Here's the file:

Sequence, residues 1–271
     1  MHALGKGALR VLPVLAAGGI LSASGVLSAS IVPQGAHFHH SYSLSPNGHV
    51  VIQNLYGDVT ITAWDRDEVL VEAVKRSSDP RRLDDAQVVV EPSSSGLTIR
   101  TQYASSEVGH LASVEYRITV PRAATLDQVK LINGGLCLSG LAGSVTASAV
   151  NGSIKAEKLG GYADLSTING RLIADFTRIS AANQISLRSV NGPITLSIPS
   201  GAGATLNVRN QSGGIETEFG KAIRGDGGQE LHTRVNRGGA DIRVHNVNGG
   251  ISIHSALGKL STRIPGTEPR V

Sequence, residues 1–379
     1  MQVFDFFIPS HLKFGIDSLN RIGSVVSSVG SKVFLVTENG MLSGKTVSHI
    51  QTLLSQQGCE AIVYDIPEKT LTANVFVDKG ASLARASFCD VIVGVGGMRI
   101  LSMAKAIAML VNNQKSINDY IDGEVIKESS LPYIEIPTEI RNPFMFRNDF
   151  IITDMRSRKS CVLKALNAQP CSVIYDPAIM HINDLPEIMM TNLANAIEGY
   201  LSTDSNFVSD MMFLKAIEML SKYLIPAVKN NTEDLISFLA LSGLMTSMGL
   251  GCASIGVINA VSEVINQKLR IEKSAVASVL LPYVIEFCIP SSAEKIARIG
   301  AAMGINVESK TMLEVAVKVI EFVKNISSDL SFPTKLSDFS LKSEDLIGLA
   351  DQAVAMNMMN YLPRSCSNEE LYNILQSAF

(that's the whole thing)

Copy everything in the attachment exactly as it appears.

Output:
Sequence, residues 1–271
     1  MHALGKGALR VLPVLAAGGI LSASGVLSAS IVPQGAHFHH SYSLSPNGHV
    51  VIQNLYGDVT ITAWDRDEVL VEAVKRSSDP RRLDDAQVVV EPSSSGLTIR
   101  TQYASSEVGH LASVEYRITV PRAATLDQVK LINGGLCLSG LAGSVTASAV
   151  NGSIKAEKLG GYADLSTING RLIADFTRIS AANQISLRSV NGPITLSIPS
   201  GAGATLNVRN QSGGIETEFG KAIRGDGGQE LHTRVNRGGA DIRVHNVNGG
   251  ISIHSALGKL STRIPGTEPR V

Sequence, residues 1–379
     1  MQVFDFFIPS HLKFGIDSLN RIGSVVSSVG SKVFLVTENG MLSGKTVSHI
    51  QTLLSQQGCE AIVYDIPEKT LTANVFVDKG ASLARASFCD VIVGVGGMRI
   101  LSMAKAIAML VNNQKSINDY IDGEVIKESS LPYIEIPTEI RNPFMFRNDF
   151  IITDMRSRKS CVLKALNAQP CSVIYDPAIM HINDLPEIMM TNLANAIEGY
   201  LSTDSNFVSD MMFLKAIEML SKYLIPAVKN NTEDLISFLA LSGLMTSMGL
   251  GCASIGVINA VSEVINQKLR IEKSAVASVL LPYVIEFCIP SSAEKIARIG
   301  AAMGINVESK TMLEVAVKVI EFVKNISSDL SFPTKLSDFS LKSEDLIGLA
   351  DQAVAMNMMN YLPRSCSNEE LYNILQSAF